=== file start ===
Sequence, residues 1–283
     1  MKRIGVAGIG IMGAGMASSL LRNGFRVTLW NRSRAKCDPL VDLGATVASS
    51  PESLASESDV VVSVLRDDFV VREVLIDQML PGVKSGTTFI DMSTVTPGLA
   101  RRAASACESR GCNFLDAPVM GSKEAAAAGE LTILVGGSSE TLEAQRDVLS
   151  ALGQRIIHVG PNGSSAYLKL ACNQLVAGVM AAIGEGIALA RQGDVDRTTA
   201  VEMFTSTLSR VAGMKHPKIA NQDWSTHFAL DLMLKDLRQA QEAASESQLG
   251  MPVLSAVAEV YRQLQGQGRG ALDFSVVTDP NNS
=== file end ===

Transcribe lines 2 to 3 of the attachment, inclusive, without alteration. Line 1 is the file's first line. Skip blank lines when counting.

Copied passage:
     1  MKRIGVAGIG IMGAGMASSL LRNGFRVTLW NRSRAKCDPL VDLGATVASS
    51  PESLASESDV VVSVLRDDFV VREVLIDQML PGVKSGTTFI DMSTVTPGLA